Inside Film-Maker Pietra Brettkelly's New Documentary Yellow Is Forbidden
Rosie Herdman meets award-winning film-maker Pietra Brettkelly ahead of the release of her latest film at the New Zealand International Film Festival
One of Pietra Brettkelly’s most-used adjectives is “extraordinary”, and the more she reveals about herself and her work, the more fitting this seems. She herself is an extraordinary person who has led an extraordinary life.
A multi award-winning documentary film-maker, New Zealand-based Pietra’s work has taken her all over the world, from Libya to Sudan, Afghanistan and now China for her latest film Yellow is Forbidden, showing at the New Zealand International Film Festival.
The film follows Chinese designer Guo Pei — who burst on to the international scene after Rihanna wore her extravagant hand-embroidered yellow gown to the 2015 Met Gala — as she works to realise her dream of being accepted as a member of the ultra-exclusive Haute Couture commission of Paris.
Pietra was drawn to create a documentary about Guo after stumbling upon an image of one of her intricately artistic shoes in a folder on her computer. “While I’m not particularly interested in fashion per se, that level of focus and artistry interested me, so I Googled her name and up popped the Rihanna story which had just happened,” she says.
This was in 2015, and was one of the most famous Met Gala moments of all time when Rihanna ascended the stairs of the ball wearing Guo’s golden yellow gown, which weighed about 24 kilograms. Many a meme ensued and the moment went viral. Before the singer wore her gown, Guo hadn’t known who Rihanna was.
“I thought ‘how interesting’ — for Guo to be part of the fashion industry and not know who one of the most iconic people in music and entertainment and fashion is — certainly in the western world,” says Pietra.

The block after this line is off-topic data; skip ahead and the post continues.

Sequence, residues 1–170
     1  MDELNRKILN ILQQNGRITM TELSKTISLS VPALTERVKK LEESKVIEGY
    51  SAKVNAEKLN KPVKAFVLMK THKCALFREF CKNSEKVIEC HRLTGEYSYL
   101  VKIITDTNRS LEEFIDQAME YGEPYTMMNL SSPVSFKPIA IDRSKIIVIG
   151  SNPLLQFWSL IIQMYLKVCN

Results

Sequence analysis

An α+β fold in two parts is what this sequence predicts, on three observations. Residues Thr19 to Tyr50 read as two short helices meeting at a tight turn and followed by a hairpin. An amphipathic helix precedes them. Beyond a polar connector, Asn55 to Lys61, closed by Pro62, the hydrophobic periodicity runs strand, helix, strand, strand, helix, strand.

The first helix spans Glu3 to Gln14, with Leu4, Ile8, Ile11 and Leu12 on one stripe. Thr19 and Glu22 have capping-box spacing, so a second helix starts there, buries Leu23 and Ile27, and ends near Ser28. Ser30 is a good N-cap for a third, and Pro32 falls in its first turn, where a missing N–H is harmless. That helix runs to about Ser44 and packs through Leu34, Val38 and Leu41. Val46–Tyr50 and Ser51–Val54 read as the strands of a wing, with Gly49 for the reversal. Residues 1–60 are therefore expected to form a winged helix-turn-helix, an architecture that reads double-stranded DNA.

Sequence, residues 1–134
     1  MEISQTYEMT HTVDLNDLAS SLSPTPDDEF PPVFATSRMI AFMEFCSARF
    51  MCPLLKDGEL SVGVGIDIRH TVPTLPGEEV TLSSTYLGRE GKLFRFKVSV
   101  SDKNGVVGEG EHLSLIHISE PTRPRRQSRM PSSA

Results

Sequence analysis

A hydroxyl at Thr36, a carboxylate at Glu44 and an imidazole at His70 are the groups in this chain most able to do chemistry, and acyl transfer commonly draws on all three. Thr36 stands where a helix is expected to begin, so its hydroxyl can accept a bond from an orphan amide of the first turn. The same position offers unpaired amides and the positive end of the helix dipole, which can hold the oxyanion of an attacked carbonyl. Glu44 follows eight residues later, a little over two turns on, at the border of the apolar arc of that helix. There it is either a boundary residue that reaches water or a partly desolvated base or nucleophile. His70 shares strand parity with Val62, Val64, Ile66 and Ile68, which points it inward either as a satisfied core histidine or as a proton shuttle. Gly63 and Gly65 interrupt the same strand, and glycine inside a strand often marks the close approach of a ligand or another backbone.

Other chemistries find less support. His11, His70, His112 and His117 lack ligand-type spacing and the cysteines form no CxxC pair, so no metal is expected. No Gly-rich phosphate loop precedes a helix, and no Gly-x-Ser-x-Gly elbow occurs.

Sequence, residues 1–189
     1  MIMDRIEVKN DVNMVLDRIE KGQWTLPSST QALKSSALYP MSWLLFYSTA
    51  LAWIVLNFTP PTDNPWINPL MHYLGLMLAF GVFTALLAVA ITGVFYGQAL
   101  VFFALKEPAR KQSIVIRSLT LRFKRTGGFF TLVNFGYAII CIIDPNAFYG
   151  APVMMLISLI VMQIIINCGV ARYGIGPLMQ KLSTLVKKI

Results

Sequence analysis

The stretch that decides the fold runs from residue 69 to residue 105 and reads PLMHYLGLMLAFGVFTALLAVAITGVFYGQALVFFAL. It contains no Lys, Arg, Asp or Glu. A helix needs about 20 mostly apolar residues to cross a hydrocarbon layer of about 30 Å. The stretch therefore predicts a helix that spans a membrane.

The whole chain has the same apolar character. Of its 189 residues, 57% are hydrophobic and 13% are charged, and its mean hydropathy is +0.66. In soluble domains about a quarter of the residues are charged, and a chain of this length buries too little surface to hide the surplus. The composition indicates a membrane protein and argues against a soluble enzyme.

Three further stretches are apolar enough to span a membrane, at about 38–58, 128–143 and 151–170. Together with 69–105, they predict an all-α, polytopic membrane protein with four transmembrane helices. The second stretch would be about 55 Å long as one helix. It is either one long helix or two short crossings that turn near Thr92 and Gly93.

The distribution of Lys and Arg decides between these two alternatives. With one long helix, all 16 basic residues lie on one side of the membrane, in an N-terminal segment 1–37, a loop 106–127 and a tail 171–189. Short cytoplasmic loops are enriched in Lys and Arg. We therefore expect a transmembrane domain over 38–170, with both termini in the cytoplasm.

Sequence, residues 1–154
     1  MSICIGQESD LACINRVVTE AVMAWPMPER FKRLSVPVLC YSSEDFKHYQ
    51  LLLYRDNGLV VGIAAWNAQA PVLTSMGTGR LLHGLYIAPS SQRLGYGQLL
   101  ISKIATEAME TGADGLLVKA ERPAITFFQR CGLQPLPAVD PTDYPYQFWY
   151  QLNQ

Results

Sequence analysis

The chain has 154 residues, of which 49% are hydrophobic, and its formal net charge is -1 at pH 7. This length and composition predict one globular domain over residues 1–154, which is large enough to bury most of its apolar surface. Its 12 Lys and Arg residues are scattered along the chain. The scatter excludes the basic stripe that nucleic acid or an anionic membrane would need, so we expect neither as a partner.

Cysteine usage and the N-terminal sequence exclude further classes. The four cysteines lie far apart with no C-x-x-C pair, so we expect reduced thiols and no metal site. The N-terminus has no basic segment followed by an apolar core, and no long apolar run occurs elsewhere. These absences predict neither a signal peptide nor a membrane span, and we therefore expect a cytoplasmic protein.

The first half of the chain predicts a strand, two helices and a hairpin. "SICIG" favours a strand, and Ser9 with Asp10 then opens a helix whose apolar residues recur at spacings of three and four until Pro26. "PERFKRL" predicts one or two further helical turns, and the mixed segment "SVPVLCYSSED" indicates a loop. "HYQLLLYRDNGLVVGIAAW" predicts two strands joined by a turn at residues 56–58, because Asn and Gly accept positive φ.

She called Guo’s Beijing atelier and was told the designer was a private person who wouldn’t want a film made about her. “I said ‘I might just come over,’ because I think if I meet someone in the flesh I can genuinely show my authenticity, they can give me trust and I often get people to agree.” After meeting for just one hour, Guo agreed to be the subject of Pietra’s film and they filmed on and off for two years.
Pietra’s “no barriers” attitude has shaped her career and been a trait that has helped her succeed in a challenging industry.
“I was the first person to interview Colonel Gaddafi after 19 years in Afghanistan, because of the embargo,” she says. “Lots of people said ‘that’s never going to happen’ and I said ‘no, I think it will’.”
In Yellow Is Forbidden, we meet Guo in her home in Shanghai, and the film follows her from China to Paris and on trips to Switzerland, Italy and America. Through her skilled storytelling, Pietra gently reveals who the designer really is and what motivates her. We visit Guo’s home where she has a collection of 400 teddy bears, and learn that her most treasured items are her kaleidoscopes, her “happy place”.
How did Pietra maintain the sense of intimacy that comes through in the film, despite not speaking Chinese and Guo speaking very little English?
“For me that’s really exciting, being completely outside my comfort zone. I love communicating outside language. As human beings there are other ways to communicate, and I think Jacob Bryant (Pietra’s DOP) and I have learned to sense what’s going on and where we should be focusing. It’s an amazing process to be a part of.”